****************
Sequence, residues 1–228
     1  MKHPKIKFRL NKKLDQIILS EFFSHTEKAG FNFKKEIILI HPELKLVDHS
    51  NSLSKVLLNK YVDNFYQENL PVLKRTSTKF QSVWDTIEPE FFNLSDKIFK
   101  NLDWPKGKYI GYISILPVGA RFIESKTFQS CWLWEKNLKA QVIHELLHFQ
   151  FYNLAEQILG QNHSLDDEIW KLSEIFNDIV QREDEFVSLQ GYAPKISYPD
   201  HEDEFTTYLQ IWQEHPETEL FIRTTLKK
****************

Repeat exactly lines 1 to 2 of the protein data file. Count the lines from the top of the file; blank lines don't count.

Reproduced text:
Sequence, residues 1–228
     1  MKHPKIKFRL NKKLDQIILS EFFSHTEKAG FNFKKEIILI HPELKLVDHS